Science Diary: Sharks – Tagging

Science Diary: Sharks – Tagging

Music; Ambience: Sound of shark being hauled up, hook being cut

“Now I’m down on the back of the boat right next to the cradle. Should be able to hear the sound of the water washing back and forth ’cause now we’re just a couple of feet off the ocean.”

That’s Ocean Conservationist Carl Safina. He’s on the deck of a research boat looking for sharks off the coast of California. Welcome to Pulse of the Planet’s Science Diaries, a glimpse of the world of science from the inside. Carl and the scientists on the boat are trying to learn more about the movement and lifecycles of Mako and Blue sharks. To do this, they have to capture and tag them. And how do you tag a shark?

“That tag looks like a little piece of spaghetti with numbers on it. It goes in the little metal tip that looks a bit like an arrowhead. It goes under the skin. Another numbered tag that looks a little bit like a cattle ear tag, but much smaller, gets popped into the dorsal fin. They’re also coming in to take a blood sample with a little syringe.”

“Shark is hooked in the mouth, which is good, sometimes they swallow the hook. And then, going in with a pair of bolt cutters to cut the hook in half, and then they pull one half out and take a pair of pliers and pull out the other half, rather than backing it out where the barb may tear more flesh and do more damage. [snap] That snap was the sound of the bolt cutters.”

“It’s 171 centimeters.”
“Down!”
“We’re gonna push, Carl.”
“And-okay.”
” Push!”
“Off he goes. Whoa! Oh boy. And gone.”
“Excellent. Excellent.”

The tags will allow researchers to learn more about the movements of these sharks, whose populations are declining.

To hear more about Carl Safina’s research, visit pulseplanet.com. Pulse of the Planet’s Science Diaries are made possible by the National Science Foundation. I’m Jim Metzner.

Science Diary: Sharks - Tagging

Hooked! Catch and release shark tagging off California's coast.
Air Date:01/29/2014
Scientist:
Transcript:

Science Diary: Sharks - Tagging

Music; Ambience: Sound of shark being hauled up, hook being cut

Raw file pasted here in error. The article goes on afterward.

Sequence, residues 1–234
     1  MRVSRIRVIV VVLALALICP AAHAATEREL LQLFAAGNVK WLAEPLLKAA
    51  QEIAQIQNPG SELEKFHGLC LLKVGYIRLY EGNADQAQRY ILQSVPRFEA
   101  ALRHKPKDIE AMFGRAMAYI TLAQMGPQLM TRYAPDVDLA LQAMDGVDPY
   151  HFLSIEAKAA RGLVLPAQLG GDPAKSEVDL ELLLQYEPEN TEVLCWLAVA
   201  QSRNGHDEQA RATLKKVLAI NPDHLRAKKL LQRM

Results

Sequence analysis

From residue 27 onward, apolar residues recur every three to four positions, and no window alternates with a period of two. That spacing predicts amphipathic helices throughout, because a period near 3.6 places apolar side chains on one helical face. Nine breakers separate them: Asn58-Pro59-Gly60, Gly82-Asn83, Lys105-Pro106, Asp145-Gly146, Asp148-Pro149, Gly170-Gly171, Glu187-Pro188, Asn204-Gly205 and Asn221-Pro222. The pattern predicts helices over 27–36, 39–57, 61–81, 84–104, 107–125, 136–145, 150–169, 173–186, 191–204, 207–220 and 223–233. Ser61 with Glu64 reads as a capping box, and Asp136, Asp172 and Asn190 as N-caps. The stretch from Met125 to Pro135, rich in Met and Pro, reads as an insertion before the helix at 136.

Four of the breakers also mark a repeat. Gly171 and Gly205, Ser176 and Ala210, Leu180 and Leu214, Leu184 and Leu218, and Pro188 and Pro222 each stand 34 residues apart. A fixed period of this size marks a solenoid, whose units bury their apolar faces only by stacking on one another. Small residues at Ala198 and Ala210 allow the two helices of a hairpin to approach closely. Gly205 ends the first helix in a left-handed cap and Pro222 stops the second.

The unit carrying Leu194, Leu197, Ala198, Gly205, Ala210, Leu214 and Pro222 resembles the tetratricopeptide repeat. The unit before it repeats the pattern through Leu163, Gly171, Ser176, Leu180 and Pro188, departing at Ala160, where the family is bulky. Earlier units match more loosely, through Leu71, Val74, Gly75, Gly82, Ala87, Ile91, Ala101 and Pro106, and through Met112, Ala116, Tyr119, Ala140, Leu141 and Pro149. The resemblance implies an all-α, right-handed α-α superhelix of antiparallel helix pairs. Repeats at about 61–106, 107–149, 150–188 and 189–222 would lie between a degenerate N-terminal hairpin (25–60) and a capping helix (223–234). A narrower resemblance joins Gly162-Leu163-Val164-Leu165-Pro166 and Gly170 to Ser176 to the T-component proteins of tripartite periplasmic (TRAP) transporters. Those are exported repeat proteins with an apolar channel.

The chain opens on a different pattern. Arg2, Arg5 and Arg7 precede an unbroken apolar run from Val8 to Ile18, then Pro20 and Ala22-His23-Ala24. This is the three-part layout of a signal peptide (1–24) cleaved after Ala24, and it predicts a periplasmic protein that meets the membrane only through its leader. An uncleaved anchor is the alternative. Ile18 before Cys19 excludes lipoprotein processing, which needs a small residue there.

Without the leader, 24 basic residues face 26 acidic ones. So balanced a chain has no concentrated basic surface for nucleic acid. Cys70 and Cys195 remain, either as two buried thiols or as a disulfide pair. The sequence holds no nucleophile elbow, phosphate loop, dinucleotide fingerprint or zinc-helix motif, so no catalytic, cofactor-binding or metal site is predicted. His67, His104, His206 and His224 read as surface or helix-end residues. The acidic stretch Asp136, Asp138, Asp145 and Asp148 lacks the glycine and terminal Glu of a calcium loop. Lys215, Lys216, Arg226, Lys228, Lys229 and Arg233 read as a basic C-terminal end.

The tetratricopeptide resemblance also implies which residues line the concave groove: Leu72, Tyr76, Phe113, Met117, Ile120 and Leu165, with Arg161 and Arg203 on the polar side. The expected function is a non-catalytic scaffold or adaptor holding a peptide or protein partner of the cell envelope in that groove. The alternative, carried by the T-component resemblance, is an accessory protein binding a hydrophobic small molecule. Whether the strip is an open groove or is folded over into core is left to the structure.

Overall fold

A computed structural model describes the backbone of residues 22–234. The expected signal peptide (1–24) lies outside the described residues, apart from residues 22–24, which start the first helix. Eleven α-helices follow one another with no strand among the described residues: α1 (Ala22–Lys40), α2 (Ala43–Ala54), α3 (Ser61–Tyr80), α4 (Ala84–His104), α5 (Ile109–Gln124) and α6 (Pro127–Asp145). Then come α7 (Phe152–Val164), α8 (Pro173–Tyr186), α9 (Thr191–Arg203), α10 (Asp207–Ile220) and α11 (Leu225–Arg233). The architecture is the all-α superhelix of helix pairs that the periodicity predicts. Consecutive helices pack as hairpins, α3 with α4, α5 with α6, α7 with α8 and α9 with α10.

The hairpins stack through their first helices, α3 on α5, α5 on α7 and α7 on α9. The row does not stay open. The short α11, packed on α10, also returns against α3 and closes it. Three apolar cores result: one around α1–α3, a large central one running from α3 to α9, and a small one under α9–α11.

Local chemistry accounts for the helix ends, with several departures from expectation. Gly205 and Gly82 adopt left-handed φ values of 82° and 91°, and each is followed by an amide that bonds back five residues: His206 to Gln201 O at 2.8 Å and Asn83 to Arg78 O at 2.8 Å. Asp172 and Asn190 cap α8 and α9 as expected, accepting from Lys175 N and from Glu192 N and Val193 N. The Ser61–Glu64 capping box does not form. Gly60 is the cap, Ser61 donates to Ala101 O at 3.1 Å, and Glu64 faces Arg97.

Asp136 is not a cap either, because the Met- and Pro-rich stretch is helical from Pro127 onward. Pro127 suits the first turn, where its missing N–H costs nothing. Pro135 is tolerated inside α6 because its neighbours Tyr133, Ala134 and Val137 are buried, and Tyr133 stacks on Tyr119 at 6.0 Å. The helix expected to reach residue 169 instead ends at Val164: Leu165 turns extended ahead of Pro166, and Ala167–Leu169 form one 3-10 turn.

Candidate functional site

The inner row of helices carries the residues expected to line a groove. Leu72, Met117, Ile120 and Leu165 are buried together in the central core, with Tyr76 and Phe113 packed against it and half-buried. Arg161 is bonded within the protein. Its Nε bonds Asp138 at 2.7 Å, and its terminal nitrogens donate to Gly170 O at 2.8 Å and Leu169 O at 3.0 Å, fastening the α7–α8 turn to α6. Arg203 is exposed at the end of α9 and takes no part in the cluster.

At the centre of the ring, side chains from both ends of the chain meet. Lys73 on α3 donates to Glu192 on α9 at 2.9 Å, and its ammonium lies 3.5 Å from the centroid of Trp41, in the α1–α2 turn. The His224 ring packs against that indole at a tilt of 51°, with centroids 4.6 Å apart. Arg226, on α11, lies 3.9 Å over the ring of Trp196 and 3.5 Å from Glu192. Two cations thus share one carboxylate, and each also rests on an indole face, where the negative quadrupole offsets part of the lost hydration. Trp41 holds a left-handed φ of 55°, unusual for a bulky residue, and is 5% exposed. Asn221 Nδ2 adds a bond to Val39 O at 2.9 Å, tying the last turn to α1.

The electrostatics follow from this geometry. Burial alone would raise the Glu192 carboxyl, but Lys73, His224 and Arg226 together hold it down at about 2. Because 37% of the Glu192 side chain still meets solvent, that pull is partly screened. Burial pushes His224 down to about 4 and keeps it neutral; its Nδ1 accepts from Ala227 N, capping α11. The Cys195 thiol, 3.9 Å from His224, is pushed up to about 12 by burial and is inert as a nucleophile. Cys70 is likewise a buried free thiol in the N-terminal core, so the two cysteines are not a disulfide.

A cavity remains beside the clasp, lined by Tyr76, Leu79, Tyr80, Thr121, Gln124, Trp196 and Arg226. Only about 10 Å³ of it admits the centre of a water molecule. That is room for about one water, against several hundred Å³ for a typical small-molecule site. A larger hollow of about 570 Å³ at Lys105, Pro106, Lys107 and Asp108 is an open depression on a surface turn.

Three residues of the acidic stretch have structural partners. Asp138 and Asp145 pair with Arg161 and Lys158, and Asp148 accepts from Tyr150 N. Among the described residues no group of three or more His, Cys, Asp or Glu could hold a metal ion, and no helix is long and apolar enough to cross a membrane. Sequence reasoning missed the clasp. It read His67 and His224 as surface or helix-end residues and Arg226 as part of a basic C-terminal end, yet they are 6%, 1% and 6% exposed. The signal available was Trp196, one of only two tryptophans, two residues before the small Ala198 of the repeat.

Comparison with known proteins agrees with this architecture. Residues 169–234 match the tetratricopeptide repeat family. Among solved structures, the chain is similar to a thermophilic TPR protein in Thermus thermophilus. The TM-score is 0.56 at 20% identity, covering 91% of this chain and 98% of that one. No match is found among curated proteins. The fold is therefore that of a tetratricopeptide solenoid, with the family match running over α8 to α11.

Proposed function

"Now I'm down on the back of the boat right next to the cradle. Should be able to hear the sound of the water washing back and forth 'cause now we're just a couple of feet off the ocean."

That's Ocean Conservationist Carl Safina. He's on the deck of a research boat looking for sharks off the coast of California. Welcome to Pulse of the Planet's Science Diaries, a glimpse of the world of science from the inside. Carl and the scientists on the boat are trying to learn more about the movement and lifecycles of Mako and Blue sharks. To do this, they have to capture and tag them. And how do you tag a shark?

"That tag looks like a little piece of spaghetti with numbers on it. It goes in the little metal tip that looks a bit like an arrowhead. It goes under the skin. Another numbered tag that looks a little bit like a cattle ear tag, but much smaller, gets popped into the dorsal fin. They're also coming in to take a blood sample with a little syringe."

"Shark is hooked in the mouth, which is good, sometimes they swallow the hook. And then, going in with a pair of bolt cutters to cut the hook in half, and then they pull one half out and take a pair of pliers and pull out the other half, rather than backing it out where the barb may tear more flesh and do more damage. [snap] That snap was the sound of the bolt cutters."

"It's 171 centimeters."
"Down!"
"We're gonna push, Carl."
"And-okay."
" Push!"
"Off he goes. Whoa! Oh boy. And gone."
"Excellent. Excellent."

The tags will allow researchers to learn more about the movements of these sharks, whose populations are declining.

To hear more about Carl Safina's research, visit pulseplanet.com. Pulse of the Planet's Science Diaries are made possible by the National Science Foundation. I'm Jim Metzner.